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Whales Make Up More Than Half of Stablecoin Volume, Tether Losing Dominance

Fredrik Vold
Last updated: | 2 min read
Source: Adobe/Casimiro


Stablecoin “whale wallets” containing more than USD 1m controlled the lion’s share of stablecoin volume in 2021, despite the once-dominant Tether (USDT) increasingly being challenged by other stablecoins, according to on-chain analytics firm Nansen.

In their recent report, the analysts said that whale wallets made up more than 50% of total stablecoin volume in 2021, which the firm suggested is due to the Ethereum (ETH) network becoming “a playground for whales,” likely thanks to high transaction fees driving smaller players away.

Further, the report said that the dominance that Tether has enjoyed in the stablecoin market has been challenged by several smaller stablecoins over the past year, partly due to “increased regulatory scrutiny” on the top stablecoin.

Among these smaller stablecoins was USD Coin (USDC), which has “found its niche as the preferred stablecoin in decentralized trades,” with the coin catching up with USDT in terms of on-chain volume in 2021.

Additionally, Pax Dollar (USDP) was also highlighted by Nansen, with the firm noting that it grew 6-fold in 2021, making it one of the top 5 stablecoins on the Ethereum network.

Another example pointed to in the report was the TerraUSD (UST), which the authors called “promising,” and said had performed “particularly well” in 2021, reaching a market capitalization of more than USD 10bn by the end of last year.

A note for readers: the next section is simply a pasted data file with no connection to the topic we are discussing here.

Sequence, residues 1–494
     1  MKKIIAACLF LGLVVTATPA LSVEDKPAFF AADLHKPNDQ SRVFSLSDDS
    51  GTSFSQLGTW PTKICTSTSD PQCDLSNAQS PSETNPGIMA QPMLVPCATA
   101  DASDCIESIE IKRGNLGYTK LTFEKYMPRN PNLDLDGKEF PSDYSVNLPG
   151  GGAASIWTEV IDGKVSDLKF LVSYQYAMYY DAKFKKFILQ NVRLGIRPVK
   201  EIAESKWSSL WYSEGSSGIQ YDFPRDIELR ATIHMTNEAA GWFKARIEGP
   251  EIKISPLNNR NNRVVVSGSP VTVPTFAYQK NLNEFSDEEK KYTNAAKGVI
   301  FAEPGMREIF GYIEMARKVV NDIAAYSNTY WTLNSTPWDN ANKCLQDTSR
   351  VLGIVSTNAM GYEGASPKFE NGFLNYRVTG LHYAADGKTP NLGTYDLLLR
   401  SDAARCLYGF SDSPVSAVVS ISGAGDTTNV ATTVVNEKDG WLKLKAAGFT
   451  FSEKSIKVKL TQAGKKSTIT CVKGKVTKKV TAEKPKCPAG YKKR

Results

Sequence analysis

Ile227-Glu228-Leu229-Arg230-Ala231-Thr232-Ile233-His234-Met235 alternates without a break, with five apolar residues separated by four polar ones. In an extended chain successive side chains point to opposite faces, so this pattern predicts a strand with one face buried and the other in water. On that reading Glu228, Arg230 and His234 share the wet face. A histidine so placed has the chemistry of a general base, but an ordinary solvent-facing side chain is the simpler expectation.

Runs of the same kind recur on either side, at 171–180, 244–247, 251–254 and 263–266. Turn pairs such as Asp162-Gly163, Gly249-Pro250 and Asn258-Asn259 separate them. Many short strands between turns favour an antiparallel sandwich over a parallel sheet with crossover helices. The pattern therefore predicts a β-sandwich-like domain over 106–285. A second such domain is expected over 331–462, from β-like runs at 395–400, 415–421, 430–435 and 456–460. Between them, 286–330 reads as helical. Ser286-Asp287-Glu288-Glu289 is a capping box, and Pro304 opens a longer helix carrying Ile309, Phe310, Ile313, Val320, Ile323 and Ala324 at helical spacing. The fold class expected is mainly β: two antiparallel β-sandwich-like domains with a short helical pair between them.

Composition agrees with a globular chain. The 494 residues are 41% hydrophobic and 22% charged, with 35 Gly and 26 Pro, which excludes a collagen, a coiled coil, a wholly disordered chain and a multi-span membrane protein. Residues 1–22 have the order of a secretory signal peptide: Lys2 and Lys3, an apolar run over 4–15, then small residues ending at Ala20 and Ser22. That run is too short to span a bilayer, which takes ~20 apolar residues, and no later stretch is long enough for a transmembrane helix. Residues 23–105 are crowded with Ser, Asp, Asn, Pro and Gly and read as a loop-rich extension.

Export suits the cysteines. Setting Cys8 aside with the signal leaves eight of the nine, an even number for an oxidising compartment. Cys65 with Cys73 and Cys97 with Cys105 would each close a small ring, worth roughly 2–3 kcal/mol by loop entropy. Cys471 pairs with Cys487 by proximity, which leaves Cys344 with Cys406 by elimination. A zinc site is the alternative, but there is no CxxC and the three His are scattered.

UST is built on the Terra (LUNA) blockchain, a network that last month was described by Pantera Capital CEO & founder Dan Morehead as growing at “a very, very rapid rate,” and with the native LUNA token being called “one of the most promising coins” for 2022.

Market capitalization of TerraUSD (UST) over the past year:

Source: CoinGecko

The past year’s trend of smaller stablecoins gaining market share at Tether’s expense likely means that we could see a further reduction in Tether’s dominance in the years ahead, the report further said.

It added that smaller blockchains other than Ethereum have benefitted from the reduction in Tether’s dominance over the course of 2021, while further predicting that multi-chain applications “will be the norm in 2022.”

Growth of various stablecoins in 2021:

Source: Nansen

The rise of stablecoins on smaller blockchains pointed to by Nansen follows a year where the Ethereum network has been plagued by congestion and record-high transaction fees.

The high fees have made some decentralized finance (DeFi) related activities on the network expensive, with many newer users in particular seeking out alternative blockchains like Solana (SOL), Fantom (FTM), Binance Smart Chain, and others for lower fees and faster transactions.
Learn more: 
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